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Rated: E · Short Story · Contest · #2175487
A Plane Explosion leaves David (an Army Vet) with Survivors Guilt. Will he get through it?
Word Count: 932
Original Contest: No Dialogue
Prompt: Leaves

David flopped into the pile of leaves laughing with his 14 year daughter Camille. He laid there for a moment exhausted from a long day of yard work. He breathed in a deep sigh; as he watched the falling leaves morph into passengers and plane debris floating from above. The feeling of falling from the sky and watching the plane he had just jumped out of explode began to consume him. The moment played in his mind on repeat.

He laid there in that pile of leaves for a long while. Just watching the sky, or so it seemed. He was completely subdued in memory. He was being sucked into a black hole formed by the grief of the tragedy. David may have been laying in the pile of leaves with his daughter, but his mind was back on that plane. He could hear the fear and trembling through the calmness in the pilots voice over the intercom. Something went wrong. The plane was going down, slowly at first. He looked around watching the other passengers breathing heavily, gripping the arms of the chairs pushing themselves into the back of the seat bracing for impact. Parents holding their children close to their bodies. David could hear the piercing cries of terrified children and adults alike, as the plane jolted aggressively as it began to fall from the sky. His sights landed on his own daughters face, her eyes searching his for security, comfort, anything. The flight attendants scrambling to assist the guests pulled his attention away from the terror in her eyes. They were not masking their fear, they plastered it all over their faces, but they kept moving, kept helping. He admired that.

Everyone was rushing towards the back of the plane where the parachutes were kept. David vividly remembered the cries of the children, and their parents quiet sobs and comfort hugs when they were informed they would have to jump out of the plane to survive. David wanted to do something to help but he didn't know what he could do. The attendants appeared to have it all under control. They were following the proper procedures. Everyone would be able to escape the plane before it crashed, so it seemed. Camille was camped by the door shaking. Her eyes were as wide as she could get them. She was overwhelmed, caught between two frightening choices; stay on a crashing plane or jump out of a crashing plane.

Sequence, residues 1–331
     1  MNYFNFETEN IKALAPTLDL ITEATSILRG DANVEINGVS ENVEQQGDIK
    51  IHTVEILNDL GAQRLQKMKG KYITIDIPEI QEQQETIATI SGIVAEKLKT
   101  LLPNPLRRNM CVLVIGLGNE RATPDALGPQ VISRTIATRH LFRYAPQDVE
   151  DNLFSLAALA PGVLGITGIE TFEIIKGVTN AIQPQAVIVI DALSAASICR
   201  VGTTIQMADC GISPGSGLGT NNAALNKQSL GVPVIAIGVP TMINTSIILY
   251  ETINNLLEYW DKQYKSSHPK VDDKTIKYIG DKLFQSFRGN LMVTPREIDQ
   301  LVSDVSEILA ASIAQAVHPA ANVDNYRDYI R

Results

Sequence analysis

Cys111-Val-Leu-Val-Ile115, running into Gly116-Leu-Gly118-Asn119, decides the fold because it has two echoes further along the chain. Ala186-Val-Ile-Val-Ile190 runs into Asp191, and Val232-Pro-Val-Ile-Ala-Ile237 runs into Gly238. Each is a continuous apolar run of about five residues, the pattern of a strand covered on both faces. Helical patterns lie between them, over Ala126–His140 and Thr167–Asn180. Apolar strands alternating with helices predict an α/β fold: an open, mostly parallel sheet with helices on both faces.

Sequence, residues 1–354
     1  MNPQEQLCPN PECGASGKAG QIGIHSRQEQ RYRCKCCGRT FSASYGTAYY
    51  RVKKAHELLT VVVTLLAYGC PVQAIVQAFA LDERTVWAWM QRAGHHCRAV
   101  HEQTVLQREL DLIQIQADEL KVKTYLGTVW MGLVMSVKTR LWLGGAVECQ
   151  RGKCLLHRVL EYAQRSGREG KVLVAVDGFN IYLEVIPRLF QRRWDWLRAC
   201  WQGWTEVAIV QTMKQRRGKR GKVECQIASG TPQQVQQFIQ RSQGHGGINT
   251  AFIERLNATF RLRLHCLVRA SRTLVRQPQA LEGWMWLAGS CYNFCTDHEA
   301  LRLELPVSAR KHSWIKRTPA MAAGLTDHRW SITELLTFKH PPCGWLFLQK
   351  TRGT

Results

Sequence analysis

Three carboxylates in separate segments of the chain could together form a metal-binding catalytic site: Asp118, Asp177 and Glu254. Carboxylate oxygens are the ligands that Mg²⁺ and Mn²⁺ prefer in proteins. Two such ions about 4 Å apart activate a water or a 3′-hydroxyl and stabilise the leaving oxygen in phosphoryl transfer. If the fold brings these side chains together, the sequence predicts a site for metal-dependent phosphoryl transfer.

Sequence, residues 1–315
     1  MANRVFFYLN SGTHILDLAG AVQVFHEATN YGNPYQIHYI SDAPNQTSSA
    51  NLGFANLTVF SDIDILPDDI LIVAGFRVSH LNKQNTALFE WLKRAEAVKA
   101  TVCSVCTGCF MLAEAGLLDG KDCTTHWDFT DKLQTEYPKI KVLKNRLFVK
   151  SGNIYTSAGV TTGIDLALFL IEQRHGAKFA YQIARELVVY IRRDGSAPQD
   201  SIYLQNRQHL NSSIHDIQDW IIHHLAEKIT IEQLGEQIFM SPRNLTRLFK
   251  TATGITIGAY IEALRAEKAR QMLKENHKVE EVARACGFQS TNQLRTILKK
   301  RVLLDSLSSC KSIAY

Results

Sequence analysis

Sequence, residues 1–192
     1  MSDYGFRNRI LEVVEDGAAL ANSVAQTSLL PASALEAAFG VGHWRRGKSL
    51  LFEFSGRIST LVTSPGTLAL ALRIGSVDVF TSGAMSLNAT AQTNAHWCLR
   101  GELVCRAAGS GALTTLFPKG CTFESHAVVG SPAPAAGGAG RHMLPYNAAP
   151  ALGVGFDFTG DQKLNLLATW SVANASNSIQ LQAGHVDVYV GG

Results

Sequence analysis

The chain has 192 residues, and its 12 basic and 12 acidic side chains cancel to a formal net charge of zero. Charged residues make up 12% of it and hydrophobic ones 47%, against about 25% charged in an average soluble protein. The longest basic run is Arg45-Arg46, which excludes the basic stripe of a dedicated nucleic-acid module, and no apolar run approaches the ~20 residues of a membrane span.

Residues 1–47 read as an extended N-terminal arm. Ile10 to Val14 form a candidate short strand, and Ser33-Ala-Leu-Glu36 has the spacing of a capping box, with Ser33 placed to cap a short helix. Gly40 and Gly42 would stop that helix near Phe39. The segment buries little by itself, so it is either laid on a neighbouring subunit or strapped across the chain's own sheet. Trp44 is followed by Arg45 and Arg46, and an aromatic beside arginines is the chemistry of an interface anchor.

David finished preparing his parachute and walked over to her. Meanwhile, the attendant was preparing Camille to jump first, but she refused to jump without her father. He embraced her in his arms allowing her to feel the depths of his love, possibly, for the last time. As he held her in his arms he slowly tipped over the side of the plane beginning their descent. Despite her pleas not to let go, he did. He held her by the hand and calmed her enough to remember the parachute instructions. Both parachutes released in unison.

They looked back at the plane as they swiftly glided down to the ground, only to see it burst into explosive flames. The plane and all that was within it was shattered into pieces and they fell like leaves. The sound of the explosion brought David back to reality, just as Camille dropped a big handful of leaves over his face. He sat up quickly, brushing the leaves away, too distraught to laugh.

He couldn't help feel guilty for surviving. Camille continued raking the leaves when she sensed the dark place her father had sunken into. David tried to remember all he had to live for. His daughter's graduation, college, wedding, grand-kids, and the youth center where he mentors young children. The thoughts of life lost on that plane protruded through them. They had reasons to live too. David's guilt began to boil into deep sorrow. Camille wiped the single tear from his cheek. She wrapped an arm around him, gently kissed his cheek, and started cleaning up the yard tools. David couldn't fathom how a decorated Army Veteran could allow so many lives to be lost.

He instructed Camille to go over to her friends house and call her mother. Perplexed, she laid down her rake and made her way across the street. She knew something was wrong, but she knew better then to disobey him. When David knew she was safely inside, he went into the house. He stopped in front of the large cabinet in his room where all of his guns were displayed. He grabbed the silver pistol, loaded it, and sat on the bed. He grabbed the notepad his wife kept on her night stand and wrote:

"I'm sorry to leave you this way, but my heart is broken in too many pieces to fix. The war, the divorce, the plane I cant get passed it. I am too weak and you both deserve better. With Love, David Henderson."

A single shot was released. Camille, knew it was her father. He just hadn't been the same since his last deployment. Then, her mom, Carol, David's wife, left him. She couldn't take the depressive stupor he was in. The plane crash pushed him over the edge. She raced across the street, straight to her father's room. She stopped in her tracks when she reached his doorway. Her tear filled eyes grew wide when she noticed the bullet-sized hole in the wall. She dropped to her knees to scream when she noticed...


...David was at the window watching the leaves fall from the trees.

© Copyright 2018 S. E. Mabson (semp83 at Writing.Com). All rights reserved.
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